Prince George's County is moving closer to tax breaks for green businesses as officials push the county's economic development fund to use the breaks as an environmental kickstarter.
The county's green business tax credit advisory board, which was created in 2011, submitted a report to County Executive Rushern Baker and the County Council this week recommending that the county move forward with the tax break, with some caveats.
One was that the incentive be available throughout the county -- some economic development initiatives only target certain parts of Prince George's, often by focusing on the "developed" tier near the Beltway. Another was to use generally agreed-upon definitions for just what a green business is.
"The tax credit should include industry or nationally recognized standards for green businesses," said Councilman Eric Olson, D-College Park, who chaired the advisory board. "We don't want to reinvent the wheel."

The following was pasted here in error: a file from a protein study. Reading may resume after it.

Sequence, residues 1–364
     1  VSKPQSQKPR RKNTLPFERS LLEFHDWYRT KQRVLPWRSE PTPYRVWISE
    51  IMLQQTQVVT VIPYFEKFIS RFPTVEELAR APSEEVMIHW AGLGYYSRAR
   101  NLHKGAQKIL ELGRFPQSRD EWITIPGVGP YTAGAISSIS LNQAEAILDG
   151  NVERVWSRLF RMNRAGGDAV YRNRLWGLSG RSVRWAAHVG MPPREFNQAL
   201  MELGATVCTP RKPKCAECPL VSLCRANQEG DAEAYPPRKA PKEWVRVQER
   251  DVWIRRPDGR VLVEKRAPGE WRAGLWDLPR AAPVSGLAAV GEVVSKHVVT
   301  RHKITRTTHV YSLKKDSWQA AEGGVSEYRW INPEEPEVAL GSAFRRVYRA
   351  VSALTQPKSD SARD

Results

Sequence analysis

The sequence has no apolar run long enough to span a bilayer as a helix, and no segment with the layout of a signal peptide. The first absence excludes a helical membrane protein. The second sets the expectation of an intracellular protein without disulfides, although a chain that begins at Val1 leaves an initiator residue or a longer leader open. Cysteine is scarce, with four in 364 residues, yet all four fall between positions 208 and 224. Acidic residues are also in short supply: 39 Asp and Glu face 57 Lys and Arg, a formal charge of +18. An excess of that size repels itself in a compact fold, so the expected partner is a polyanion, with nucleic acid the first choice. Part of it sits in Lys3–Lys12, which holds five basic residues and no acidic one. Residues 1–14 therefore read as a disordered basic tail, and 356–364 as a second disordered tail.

The board, which includes other county and local officials as well as representatives from environmental advocacy groups, also said the county should use some of its $50 million economic development incentive fund to help bring environmental startups to the county.
That funding could be combined with the tax credit and other county incentives to form one big "Green Business Incubator Program," according to the board's report. The report cited Montgomery County's Green Business Zone, which encourages environmentally focused businesses to cluster together, and Bethesda's Green Business Incubator, which connects businesses with the county's economic development office, as examples to follow.
The economic development incentive fund, which was created in July, has provided $2.4 million in loans or grants to six local businesses so far. David Iannucci, a member of Baker's economic development team, also served on the advisory board.
Even with an entire green business program, Olson said that Prince George's would need state support to see real gains. The board's report asked for a state tax credit to work in tandem with the county one.
"We realize that just doing a county property tax credit would not really result in a huge benefit, frankly," Olson said. "If they were coupled with a state tax credit, it would really assist a business."